Glantz earns a four star rating from me due to the originality of his research and work. Looking at the Soviet army prior to 1941 is usually limited to Finland, or the one or two books (usually heavily error prone) on Nomonhon. However, a staff level planning view of what the Soviet Army leadership were thinking and how their plans matched or did not to the reality of war is fascinating. It is a must read for any student of the Eastern Front in WW2 on this basis alone.However, there are some glaring omissions which almost made me give it a 3 star. The massive support that the Soviet Union provided Germany with from August of 1939 through June 1941 is omitted along wiht the severe war scare with Japan. Glantz has unfortunately carried over a singular narrative that has the focus entirely on Germany even when Germany was the biggest ally and Stalin was more worried about the UK or Japan. This is not reflected in his research and it would make a fine update or even a second book to delve into the continency plans for the UK and Japanese conflict with Germany as ally from the period 1939 to 1941. The battle assessments from Finland, the border with Manchuria (indeed, even the invasion of Manchuria by the Soviet Union in 1927-1928), the excursions into China to exterminate the ethnic Kyrgystani and other ethnic groups from territory Russia recently captured and occupied, would be additional material necessary to understand more in depth the views of the General Staff in their assessment and planning process.Despite these omissions, the book remains an excellent reference to understand the buildup to WW2 for the Soviet Union.
Crammed with statistical detail and a little bit repetitive, but a sobering overview of Soviet military readiness on the eve of World War 2. One of the hypothesis Glantz is answering in this book is one posed by some revisionist historians who argue that the German attack was pre-emptive and the Soviets were the ones who were about to wage aggressive warfare. As Glantz shows, the Soviets were woefully unprepared for the German attack with most of their forces not up to full strength. And as a result of the Stalinist purges, their leadership was also not ready for the task of leading any kind of attack (let alone a defense against the German onslaught). Despite the tremendous defeats in the early part of the war, the Soviets were basically able to trade bodies and space for time to build their military. The survivors of the brutal year of 1941 became the core of a reborn Soviet army that marched to victory all the way to Berlin. This book is highly technical and isn't a good introduction to the topic of the east front in WW2, but if you have some background in the topic it is worth at least skimming this for some keen insights. Glantz cites many sources that would be interesting to follow-up on.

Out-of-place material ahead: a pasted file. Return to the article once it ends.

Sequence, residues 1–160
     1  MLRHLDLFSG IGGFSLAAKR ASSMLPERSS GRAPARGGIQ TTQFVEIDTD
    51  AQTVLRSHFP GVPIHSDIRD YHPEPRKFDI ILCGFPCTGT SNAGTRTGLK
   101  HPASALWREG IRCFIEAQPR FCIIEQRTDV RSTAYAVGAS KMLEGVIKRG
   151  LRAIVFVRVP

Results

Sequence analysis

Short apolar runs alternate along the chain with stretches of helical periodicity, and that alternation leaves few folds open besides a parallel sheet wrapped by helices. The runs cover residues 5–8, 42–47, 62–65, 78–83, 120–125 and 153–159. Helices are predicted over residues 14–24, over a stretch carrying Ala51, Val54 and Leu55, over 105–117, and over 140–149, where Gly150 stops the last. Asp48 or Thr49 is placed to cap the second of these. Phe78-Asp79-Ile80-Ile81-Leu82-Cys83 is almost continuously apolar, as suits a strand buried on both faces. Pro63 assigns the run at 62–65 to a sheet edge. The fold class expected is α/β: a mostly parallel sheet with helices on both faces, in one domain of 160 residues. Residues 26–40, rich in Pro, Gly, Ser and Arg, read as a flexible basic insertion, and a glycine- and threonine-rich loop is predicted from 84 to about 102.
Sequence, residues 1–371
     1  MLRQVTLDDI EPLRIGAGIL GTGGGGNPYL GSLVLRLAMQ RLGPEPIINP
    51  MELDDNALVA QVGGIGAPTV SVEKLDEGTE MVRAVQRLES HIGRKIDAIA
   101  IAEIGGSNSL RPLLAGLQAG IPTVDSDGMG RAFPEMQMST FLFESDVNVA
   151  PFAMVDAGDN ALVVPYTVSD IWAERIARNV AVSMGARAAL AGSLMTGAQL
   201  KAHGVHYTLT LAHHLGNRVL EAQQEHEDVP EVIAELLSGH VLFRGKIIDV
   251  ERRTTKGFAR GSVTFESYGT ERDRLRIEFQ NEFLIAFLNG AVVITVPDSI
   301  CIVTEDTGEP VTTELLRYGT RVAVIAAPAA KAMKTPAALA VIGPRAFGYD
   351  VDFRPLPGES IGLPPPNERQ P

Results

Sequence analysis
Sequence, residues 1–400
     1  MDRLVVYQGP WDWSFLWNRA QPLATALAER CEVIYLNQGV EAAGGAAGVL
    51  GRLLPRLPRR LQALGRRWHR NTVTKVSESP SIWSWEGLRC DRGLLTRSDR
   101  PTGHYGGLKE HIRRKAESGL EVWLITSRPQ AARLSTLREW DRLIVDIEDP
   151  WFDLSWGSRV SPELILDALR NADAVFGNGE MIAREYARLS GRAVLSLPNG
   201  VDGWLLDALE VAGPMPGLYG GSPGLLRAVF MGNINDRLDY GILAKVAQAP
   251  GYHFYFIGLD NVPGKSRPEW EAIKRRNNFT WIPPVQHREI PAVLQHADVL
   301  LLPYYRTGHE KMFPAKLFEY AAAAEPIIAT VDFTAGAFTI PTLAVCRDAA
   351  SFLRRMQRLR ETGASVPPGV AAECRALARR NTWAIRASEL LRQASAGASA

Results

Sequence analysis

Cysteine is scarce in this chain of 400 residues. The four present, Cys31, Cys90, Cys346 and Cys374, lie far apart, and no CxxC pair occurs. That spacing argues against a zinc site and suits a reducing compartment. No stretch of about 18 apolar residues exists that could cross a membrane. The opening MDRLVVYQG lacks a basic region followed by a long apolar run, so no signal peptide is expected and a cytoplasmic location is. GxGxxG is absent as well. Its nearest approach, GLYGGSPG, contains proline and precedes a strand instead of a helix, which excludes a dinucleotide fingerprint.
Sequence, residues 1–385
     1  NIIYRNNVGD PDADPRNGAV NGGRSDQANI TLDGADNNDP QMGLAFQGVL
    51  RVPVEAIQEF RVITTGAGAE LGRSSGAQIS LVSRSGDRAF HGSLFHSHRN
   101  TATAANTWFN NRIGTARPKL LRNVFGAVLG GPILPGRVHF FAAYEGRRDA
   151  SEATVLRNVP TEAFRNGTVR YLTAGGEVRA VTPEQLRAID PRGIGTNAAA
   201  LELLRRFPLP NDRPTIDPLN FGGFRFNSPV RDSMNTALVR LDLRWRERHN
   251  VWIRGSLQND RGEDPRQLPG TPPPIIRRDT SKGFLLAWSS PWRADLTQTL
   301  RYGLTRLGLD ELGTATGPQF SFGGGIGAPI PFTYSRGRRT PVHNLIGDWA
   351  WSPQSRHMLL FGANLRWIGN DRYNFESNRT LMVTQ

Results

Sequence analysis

Read like a manual at times. Reminds me of the Wehrmacht in 1945. Every single reasonable idea a Soviet general had was summarily rejected by Stalin. Hitler later played the same game to disastrous effect for Germany. I guess these demagogues just can't resist.
Another excellent reference, but just a reference. Even Glantz's opinions appear to be expressed as facts and statistics.